Although Ladan fell into a coma on 4th November 2004, it is now a little over one year since we believe Ladan had her last haemoorhage, coming at the end of nine or more traumatic months of medical upsets. Since then Ladan has remained in a stable condition.
Ladan shows only minimal signs of any consciousness, that is to say that she opens her eyes, often responds to auditory, visual, tactile or gustatory (taste) stimulation, and on rarer occasions will apparantly track with an eye (her eyes have remained divergent since her last haemorrhage) or respond to a series or requests with appropiate blinking. Ladan’s breathing often changes according to her state and this response is also frequently observed when changing the topic of discussion to something personal to her.
Improvement cannot be measured on any large scale, but physical stability still slowly improves, such as blood pressure and temperature stability, and when Ladan is going through a more responsive period blinking responses have been observed more frequently and probably for longer durations, though such events are still relatively rare. Earlier reports in my blog have seen Ladan more responsive than this but that was prior to the last haemorrhage, in the same way as Ladan was communicating by nodding and shaking her head prior to the seizure in December 2004, each event brought a serious set-back in the path of recovery, which is why a year of stability is, in itself, something to be thankful for.
Since May we have been in a care home called The Minories in Jesmond, Newcastle. It is a very friendly home and much quieter than the Hawthorns in Peterlee or the hospital was. Professional input into Ladan’s case is minimal and almost exclusively clinical, but that is pretty much the how it was at The Hawthorns and the hospital anyway. Ladan has not, as yet, had any serious problems at The Minories and seems very settled here, I nearly always come in to find Ladan looking settled in the mornings. Myself and Ladan’s other family members are also made to feel very welcome here day and night, which I am sure has a possitive influence on Ladan too, probably in more ways than one. There are a few problems which are taking a long time to get sorted out, but so far Ladan seems to be doing very well there.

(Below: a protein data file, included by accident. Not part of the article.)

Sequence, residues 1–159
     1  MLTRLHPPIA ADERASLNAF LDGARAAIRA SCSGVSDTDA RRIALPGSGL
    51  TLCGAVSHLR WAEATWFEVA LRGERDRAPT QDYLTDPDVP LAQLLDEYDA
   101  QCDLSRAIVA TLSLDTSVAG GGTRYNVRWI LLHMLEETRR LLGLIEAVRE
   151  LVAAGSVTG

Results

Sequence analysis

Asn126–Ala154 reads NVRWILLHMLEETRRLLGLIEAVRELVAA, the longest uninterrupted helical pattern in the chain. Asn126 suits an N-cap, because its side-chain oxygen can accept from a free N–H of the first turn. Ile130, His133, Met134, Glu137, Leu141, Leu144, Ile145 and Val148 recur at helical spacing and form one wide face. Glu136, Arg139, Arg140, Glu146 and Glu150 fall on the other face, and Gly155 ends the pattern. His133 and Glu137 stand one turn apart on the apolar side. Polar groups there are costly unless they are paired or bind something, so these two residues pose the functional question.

There is a new rehabilitation centre opening in Newcastle at the end of the year which we still have the option of going to if things don’t seem adequate at the Minories, but I am hoping that will not be the case. In the longer term, if there is no major recovery in the near future, I still plan to get Ladan out of the care home environment and into a real home environment where I can be there for her in a more normal fashion, the medical professionals want Ladan to remain in a care home environment for a significant period of time to be sure that she is stable enough to move into a real home.